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Determining practicing and prospective teachers’ self-efficacy in TPACK in the science domain
Petra Fisser, Joke Voogt, Bart Ormel, Chantal Velthuis & Jo Tondeur, University of Twente, The Netherlands, Edith Stein University of Applied Sciences, The Netherlands, University of Ghent, Belgium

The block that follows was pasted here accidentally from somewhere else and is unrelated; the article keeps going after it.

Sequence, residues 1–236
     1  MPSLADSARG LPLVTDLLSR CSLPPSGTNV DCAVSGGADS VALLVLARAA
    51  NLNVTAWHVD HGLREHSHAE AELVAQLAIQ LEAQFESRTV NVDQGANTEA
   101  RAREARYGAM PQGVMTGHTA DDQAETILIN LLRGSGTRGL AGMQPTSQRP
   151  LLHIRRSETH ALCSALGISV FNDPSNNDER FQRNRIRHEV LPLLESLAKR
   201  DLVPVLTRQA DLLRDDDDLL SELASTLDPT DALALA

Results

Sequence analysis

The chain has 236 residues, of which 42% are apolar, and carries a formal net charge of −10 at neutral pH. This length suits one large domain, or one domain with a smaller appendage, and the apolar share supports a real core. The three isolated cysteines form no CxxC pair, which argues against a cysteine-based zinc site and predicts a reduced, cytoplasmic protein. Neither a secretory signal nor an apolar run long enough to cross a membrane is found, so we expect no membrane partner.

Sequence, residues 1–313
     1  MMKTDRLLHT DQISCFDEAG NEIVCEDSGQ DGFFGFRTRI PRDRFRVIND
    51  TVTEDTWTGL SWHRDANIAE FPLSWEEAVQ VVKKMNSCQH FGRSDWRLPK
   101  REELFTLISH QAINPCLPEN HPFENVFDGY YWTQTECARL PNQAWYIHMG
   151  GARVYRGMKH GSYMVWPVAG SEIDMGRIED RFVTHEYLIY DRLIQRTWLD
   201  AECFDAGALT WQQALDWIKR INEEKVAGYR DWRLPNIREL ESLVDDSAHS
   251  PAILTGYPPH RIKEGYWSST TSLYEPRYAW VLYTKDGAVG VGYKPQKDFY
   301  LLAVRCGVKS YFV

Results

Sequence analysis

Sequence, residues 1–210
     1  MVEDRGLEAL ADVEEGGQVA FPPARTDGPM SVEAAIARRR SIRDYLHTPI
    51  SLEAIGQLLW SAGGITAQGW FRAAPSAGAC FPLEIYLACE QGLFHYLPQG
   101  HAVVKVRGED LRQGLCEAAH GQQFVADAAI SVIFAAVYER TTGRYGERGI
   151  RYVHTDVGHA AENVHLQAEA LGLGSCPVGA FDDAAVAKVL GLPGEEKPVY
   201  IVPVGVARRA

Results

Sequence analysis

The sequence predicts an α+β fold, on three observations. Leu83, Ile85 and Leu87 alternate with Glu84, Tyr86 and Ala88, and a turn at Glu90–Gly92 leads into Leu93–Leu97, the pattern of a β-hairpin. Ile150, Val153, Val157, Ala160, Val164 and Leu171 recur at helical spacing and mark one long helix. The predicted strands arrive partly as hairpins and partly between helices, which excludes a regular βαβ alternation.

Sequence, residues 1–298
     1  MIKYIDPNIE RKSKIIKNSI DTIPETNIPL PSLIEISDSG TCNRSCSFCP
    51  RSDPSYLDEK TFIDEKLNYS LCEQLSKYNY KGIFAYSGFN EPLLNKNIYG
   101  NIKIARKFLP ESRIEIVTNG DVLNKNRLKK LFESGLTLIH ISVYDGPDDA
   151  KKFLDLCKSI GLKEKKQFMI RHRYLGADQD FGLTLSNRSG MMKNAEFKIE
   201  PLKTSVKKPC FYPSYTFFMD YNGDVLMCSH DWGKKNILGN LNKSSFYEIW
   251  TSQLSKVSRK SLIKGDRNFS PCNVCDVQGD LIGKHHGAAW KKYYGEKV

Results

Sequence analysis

Teachers’ beliefs, practices and attitudes are important for understanding and improving educational processes, because they are closely linked to teachers’ challenges in their daily professional life. Self-efficacy (Bandura, 1977) seems to play a major role in this. In this study we look at teachers' self-efficacy towards the domain of science education and towards technology integration in this domain. Since most students who enter pre-service elementary school training in the Netherlands graduated from secondary school without science-related courses, many lack any foundational science knowledge. This contributes to their (absence of) confidence to teach science, and it also delimits their science-teaching related PCK. In a recent study Fisser, Ormel and Velthuis (submitted) measured teachers' beliefs, attitudes and self-efficacy in relation to science education in primary education, based on a Dutch version of the Science Teaching Efficacy Belief Instrument (STEBI) (Riggs & Enochs, 1990). The results for the pre-service teachers showed that the more pre-service teachers have the opportunity to experience actual teaching in the science domain, the higher the sense of self-efficacy is. Combining science education with technology integration offers even more challenges for teachers. Measuring teachers’ self-efficacy towards technology integration will be done by using a Dutch version of the TPACK survey (Schmidt et al., 2009). This survey will be complimented with the STEBI survey and, because the TPACK survey does not take into account teachers’ beliefs and attitudes towards technology, questions related to the attitude of teachers towards using technology in education will be added. The combined TPACK-STEBI survey will be distributed to Dutch pre-service primary education students and the results will be presented at the SITE symposium.
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